Session continues in Phoenix and several bills reported previously need your support. The House Judiciary Committee is set to consider two bills important to not only Arizona’s firearm owners.
As reported last week, Senate Bill 1201 passed in the Senate on its final reading by a vote of 21 to 8, with one absent. This pro-gun bill is a comprehensive firearms reform measure which would make a number of improvements to Arizona’s carry laws. Most importantly, it would help put an end to “gun free” signs limiting your right to carry in most currently prohibited places and unsecured buildings. This reasonable right-to-carry reform legislation is designed to prohibit the arbitrary lines created by these signs which currently restrict your right to self-defense.
Also, Senate Bill 1469 had its first reading in the House yesterday and was referred to the House Judiciary Committee for consideration. This important self-defense reform would strengthen the current “Castle Doctrine” self-defense law by broadening the definition of reasonable use of force, including deadly force, to provide greater protection for those forced to defend themselves from an attacker.
Please contact members of the House Judiciary Committee listed here and respectfully urge them to vote in favor of SB 1201 and SB 1469.
Yesterday, the full Senate passed Senate Bill 1467 by a 21 to 7 vote, with two votes absent. With an NRA-backed amendment attached, SB 1467 would prohibit an educational institution from adopting or enforcing any policy prohibiting the possession of a concealed weapon by a permit holder or regulating the lawful transportation or storage of a firearm. SB 1467 will now move to the House for its next committee assignment.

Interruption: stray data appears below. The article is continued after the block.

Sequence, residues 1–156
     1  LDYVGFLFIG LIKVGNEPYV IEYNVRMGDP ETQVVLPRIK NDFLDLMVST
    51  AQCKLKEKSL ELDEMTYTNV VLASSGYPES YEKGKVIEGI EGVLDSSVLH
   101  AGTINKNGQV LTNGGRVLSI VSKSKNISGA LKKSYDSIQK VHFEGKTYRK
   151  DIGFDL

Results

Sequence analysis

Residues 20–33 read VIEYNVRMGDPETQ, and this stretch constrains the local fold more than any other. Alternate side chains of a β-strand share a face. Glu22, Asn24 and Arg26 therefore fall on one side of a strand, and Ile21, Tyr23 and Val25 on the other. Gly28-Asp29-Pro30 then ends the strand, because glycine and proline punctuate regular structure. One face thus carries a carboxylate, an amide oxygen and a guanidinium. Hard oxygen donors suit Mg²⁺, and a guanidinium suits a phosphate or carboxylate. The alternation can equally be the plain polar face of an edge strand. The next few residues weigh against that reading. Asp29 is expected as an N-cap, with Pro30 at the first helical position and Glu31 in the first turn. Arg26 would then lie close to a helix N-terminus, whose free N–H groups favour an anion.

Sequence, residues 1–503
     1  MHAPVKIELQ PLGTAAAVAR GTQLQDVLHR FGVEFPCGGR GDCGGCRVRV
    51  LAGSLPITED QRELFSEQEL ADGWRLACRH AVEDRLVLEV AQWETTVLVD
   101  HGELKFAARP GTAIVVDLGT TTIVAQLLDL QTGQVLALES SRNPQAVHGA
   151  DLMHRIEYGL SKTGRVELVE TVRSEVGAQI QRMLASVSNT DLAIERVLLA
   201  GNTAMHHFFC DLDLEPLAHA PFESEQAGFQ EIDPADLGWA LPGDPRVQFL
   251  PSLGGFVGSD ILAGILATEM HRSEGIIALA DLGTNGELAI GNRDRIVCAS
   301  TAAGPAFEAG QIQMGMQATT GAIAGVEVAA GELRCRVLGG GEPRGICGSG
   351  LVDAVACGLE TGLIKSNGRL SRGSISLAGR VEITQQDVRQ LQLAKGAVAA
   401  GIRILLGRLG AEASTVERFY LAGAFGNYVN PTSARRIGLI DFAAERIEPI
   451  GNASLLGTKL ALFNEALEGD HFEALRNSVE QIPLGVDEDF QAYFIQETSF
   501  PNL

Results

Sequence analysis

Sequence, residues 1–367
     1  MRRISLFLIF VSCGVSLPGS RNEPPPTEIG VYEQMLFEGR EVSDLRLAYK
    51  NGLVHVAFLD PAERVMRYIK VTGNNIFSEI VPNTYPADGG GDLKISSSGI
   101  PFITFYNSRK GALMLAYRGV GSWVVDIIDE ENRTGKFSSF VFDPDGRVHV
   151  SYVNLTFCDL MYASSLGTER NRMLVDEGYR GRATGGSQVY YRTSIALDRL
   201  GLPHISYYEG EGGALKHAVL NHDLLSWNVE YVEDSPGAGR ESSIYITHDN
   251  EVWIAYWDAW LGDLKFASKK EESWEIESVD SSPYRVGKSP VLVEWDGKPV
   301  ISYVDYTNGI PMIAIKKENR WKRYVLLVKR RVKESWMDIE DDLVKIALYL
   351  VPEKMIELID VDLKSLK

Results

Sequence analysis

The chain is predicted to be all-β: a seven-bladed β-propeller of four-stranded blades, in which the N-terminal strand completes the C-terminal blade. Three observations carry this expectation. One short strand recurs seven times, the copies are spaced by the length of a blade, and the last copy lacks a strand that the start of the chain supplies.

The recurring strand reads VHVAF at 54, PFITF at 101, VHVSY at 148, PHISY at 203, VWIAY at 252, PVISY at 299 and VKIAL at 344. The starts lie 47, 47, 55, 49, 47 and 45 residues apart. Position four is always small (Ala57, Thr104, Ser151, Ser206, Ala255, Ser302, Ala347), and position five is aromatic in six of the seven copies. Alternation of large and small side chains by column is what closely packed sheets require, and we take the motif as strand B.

On Monday, March 14, House Bill 2645 successfully passed out of the Senate Judiciary Committee by a vote of 7 to 1. The bill is designed to meet the requirements of the federal NICS Improvement Amendments Act of 2007 by enabling persons who have lost their firearm rights because of a mental health-related commitment or adjudication to petition a court to have them restored. Before granting a petition, the court would have to find that the person is not likely to act in a manner that is dangerous to public safety and that granting the requested relief would not be contrary to the public interest. This bill will ensure that people who can safely and responsibly possess firearms are not unnecessarily deprived of their rights.
HB 2645 now moves to the Senate floor to be scheduled for a vote by the full chamber.
Please keep checking your e-mail and www.NRAILA.org for further updates on SB 1467 and HB 2645.